Palliative Care

Featured by SCNE

Palliative Care

We provide specialist care for both palliative and end of life clients who want to return or remain in their own homes. We understand that this can be a stressful and sensitive time. We work closely with family and friends and other external healthcare teams to ensure that our clients receive the best possible care and support.

What is Palliative Care?

Palliative care, often misunderstood as solely end-of-life care, is a comprehensive approach designed to alleviate suffering and enhance the overall well-being of patients. It can be provided at any stage of a serious illness, regardless of the prognosis. The primary goal is to help patients manage pain, symptoms, and the emotional distress associated with their condition.

The Multidisciplinary Team

One of the key features of palliative care is the involvement of a multidisciplinary team. This team typically consists of healthcare professionals such as doctors, nurses, social workers, psychologists, and chaplains. Each member plays a vital role in addressing the diverse needs of the patient, creating a holistic care plan tailored to their unique situation.

Addressing Physical Symptoms

Pain Management

Effective pain management is at the core of palliative care. Patients with serious illnesses often experience varying levels of pain, which can significantly impact their quality of life. Palliative care specialists work to identify the source of pain and develop strategies to alleviate it, allowing patients to regain a sense of comfort and normalcy.

Symptom Control

Apart from pain, serious illnesses can manifest in various distressing symptoms. Palliative care teams focus on managing these symptoms, which may include nausea, shortness of breath, fatigue, and insomnia. By providing relief, patients can experience a better quality of life and improved functionality.

Emotional Support

Serious illnesses can take a toll on the emotional well-being of patients and their families. Palliative care extends emotional support through counseling and therapies, helping individuals cope with fear, anxiety, and depression. By addressing these emotional aspects, patients can find strength and resilience during their health journey.

Social and Spiritual Care

Social Services

Social workers within the palliative care team assist patients and their families in navigating the complexities of the healthcare system. They provide guidance on resources, financial matters, and communication with medical professionals, reducing the burden of administrative tasks during a challenging time.

Spiritual Guidance

Spiritual care is an integral part of palliative care, recognizing that individuals may have diverse spiritual and religious beliefs. Chaplains or spiritual counselors offer guidance and comfort, helping patients find meaning and peace in their spiritual journey.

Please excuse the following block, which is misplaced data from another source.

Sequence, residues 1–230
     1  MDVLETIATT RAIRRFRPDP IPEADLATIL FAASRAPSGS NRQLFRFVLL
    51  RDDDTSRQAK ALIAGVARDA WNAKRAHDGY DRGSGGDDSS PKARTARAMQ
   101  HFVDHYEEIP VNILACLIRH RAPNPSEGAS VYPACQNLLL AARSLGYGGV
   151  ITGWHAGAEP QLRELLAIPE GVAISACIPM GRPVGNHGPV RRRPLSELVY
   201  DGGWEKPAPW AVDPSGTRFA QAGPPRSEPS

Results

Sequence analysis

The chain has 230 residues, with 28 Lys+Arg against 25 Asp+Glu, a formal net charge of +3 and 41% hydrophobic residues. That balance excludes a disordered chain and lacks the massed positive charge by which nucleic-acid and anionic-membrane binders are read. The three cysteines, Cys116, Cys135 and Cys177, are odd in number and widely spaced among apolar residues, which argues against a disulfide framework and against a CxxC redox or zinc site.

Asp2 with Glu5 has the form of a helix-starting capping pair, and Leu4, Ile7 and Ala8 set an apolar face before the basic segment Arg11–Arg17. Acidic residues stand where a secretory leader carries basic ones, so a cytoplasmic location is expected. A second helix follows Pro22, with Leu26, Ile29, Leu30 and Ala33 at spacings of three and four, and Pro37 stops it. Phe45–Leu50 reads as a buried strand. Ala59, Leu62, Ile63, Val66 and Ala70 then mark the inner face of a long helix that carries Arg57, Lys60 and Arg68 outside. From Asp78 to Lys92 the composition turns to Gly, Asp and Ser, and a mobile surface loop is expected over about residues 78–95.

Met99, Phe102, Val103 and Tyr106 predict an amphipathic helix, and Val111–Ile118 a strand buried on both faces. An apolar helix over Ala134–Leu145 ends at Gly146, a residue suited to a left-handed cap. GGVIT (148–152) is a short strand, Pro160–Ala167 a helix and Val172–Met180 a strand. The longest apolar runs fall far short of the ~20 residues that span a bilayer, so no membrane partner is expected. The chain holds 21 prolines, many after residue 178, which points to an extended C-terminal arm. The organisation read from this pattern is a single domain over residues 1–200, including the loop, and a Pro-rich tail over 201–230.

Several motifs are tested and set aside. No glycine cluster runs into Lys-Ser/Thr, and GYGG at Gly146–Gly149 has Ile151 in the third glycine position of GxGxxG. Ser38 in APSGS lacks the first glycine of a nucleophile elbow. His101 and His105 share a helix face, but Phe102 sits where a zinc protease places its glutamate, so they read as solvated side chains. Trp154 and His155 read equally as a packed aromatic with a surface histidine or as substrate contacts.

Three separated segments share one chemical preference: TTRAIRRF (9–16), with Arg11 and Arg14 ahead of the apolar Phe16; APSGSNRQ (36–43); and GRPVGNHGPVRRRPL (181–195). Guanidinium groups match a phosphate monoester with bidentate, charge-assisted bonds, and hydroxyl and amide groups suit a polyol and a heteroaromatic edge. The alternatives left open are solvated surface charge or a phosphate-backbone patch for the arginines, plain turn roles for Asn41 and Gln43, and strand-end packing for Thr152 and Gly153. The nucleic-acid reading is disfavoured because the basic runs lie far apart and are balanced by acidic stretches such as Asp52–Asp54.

The Importance of Advance Care Planning

Palliative care emphasizes the importance of advance care planning. This process involves discussing and documenting a patient’s preferences for future medical decisions, ensuring that their wishes are respected, even if they are unable to communicate them later on. It provides a sense of control and reduces uncertainty for both patients and their loved ones.


In summary, palliative care is a compassionate and holistic approach to healthcare that focuses on improving the quality of life for individuals facing serious illnesses. It encompasses physical symptom management, emotional support, and attention to social and spiritual needs. By providing comprehensive care, palliative care enhances the well-being of patients and helps them navigate the challenges of serious illness with dignity and comfort.

FAQs (Frequently Asked Questions)

1. Is palliative care only for individuals at the end of their life?

No, palliative care can be provided at any stage of a serious illness, regardless of the prognosis. It focuses on improving the overall quality of life.

2. How does palliative care differ from hospice care?

While both palliative care and hospice care aim to provide comfort, palliative care can be integrated into a patient’s treatment plan at any stage of a serious illness. Hospice care is typically provided when curative treatments are no longer an option.

3. Is palliative care only for cancer patients?

No, palliative care is not limited to cancer patients. It is available for individuals with a wide range of serious illnesses, including heart disease, dementia, and respiratory conditions.

4. Does palliative care mean giving up on curative treatment?

No, palliative care complements curative treatment. Patients can continue to receive treatment for their underlying condition while benefiting from palliative care’s symptom management and support.

5. How can I access palliative care services?

You can access palliative care services by discussing your needs with your primary healthcare provider. They can help you connect with a palliative care team to develop a personalized care plan.

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